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IMF predicts robust growth for the UAE economy, driven by oil revenues

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Over the medium term, increasing non-oil revenue will be supported by the gradual implementation of a corporate income tax, which started in June 2023

According to the International Monetary Fund (IMF), the UAE’s economy continues to expand as a result of robust domestic activity and significant fiscal and external surpluses brought on by high oil prices.

“This year (2023), the whole real GDP is predicted to increase by 3.5%,” said a statement released on October 16 after the conclusion of the most recent staff visit.

Ali Al Eyd, Advisor and Mission Chief at the International Monetary Fund, has now predicted that average inflation in the Emirati would remain under control at around 3% in 2023, down from 4.8% in 2022.

The outlook is favourable in the short term, but the fund issued a warning due to increased global risks and unpredictability.

Slower global growth, higher interest rates for a longer period, tighter financial conditions, or geopolitical developments would all weigh on GDP and put a strain on fiscal and external balances, according to the IMF.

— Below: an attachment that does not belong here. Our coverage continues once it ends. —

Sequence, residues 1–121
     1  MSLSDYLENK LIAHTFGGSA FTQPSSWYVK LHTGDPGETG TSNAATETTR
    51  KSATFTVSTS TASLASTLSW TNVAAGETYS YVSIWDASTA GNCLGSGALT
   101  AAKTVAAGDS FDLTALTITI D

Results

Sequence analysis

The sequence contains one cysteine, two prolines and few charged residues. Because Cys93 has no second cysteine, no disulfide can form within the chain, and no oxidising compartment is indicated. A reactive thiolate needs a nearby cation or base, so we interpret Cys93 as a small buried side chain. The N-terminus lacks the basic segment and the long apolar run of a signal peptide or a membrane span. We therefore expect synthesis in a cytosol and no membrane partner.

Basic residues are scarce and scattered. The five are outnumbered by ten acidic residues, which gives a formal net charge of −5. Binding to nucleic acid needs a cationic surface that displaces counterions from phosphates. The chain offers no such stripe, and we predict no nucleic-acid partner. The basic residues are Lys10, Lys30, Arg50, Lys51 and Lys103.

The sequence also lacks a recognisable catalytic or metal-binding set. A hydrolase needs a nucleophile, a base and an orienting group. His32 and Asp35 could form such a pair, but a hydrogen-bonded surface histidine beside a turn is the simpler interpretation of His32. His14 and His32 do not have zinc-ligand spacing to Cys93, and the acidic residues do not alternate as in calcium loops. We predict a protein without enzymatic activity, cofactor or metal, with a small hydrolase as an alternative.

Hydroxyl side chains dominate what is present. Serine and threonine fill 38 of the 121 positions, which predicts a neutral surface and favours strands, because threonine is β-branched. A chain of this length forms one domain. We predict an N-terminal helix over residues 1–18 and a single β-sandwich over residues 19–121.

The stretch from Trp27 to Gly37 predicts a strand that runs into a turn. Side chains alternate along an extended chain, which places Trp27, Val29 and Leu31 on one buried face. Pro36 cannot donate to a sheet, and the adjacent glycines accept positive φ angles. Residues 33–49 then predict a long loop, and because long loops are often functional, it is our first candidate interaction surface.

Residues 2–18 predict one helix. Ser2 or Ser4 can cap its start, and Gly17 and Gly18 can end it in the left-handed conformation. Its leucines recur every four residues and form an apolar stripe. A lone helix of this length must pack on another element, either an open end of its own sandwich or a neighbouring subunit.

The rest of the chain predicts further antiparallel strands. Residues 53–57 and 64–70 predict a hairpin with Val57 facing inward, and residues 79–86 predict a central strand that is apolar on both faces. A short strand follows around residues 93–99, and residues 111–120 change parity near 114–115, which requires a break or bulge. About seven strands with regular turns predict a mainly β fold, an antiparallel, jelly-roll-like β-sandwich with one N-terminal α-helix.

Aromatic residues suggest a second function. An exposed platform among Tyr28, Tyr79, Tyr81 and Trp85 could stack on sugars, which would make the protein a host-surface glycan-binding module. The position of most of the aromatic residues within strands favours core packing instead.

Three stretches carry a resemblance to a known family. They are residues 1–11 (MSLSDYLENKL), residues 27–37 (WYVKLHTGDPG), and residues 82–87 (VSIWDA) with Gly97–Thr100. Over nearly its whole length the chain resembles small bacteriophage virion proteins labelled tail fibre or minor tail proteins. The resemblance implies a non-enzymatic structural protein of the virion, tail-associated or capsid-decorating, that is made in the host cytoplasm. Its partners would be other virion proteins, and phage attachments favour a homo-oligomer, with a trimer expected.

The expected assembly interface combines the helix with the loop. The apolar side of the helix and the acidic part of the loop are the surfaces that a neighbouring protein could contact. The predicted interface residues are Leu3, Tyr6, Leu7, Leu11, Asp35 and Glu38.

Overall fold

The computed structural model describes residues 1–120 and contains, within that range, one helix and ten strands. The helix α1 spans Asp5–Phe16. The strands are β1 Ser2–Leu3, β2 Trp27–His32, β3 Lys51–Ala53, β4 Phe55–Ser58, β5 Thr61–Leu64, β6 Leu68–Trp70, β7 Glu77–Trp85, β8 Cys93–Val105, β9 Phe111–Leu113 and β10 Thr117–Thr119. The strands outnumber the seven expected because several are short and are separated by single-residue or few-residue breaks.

The UAE’s 2024 OPEC+ production quota rise is predicted to cause hydrocarbon GDP growth to pick up the following year after the OPEC+ output cuts slow it down in 2023.

The UAE’s haven status, along with social and business-friendly changes, continue to draw foreign labour and capital inflows, supporting growth and driving up real estate prices overall, but especially in high-end segments.

“Due to the high price of oil, fiscal and external surpluses remain strong. In 2023, the fiscal balance is anticipated to be 5% of GDP, driven by oil revenue and robust economic growth,” the IMF prediction stated further.

Over the medium term, increasing non-oil revenue will be supported by the gradual implementation of a corporate income tax, which started in June 2023.

With the benefit of the Dubai Emirate reducing its public debt by 29 billion dirhams through its Public Debt Sustainability Strategy, public debt is expected to continue to shrink and fall solidly below 30% of GDP in 2023.

In 2023 and 2024, the current account surplus is anticipated to be significantly higher than the medium-term average.

Overall, banks are sufficiently capitalized, but risks to financial stability must be continuously and carefully monitored.

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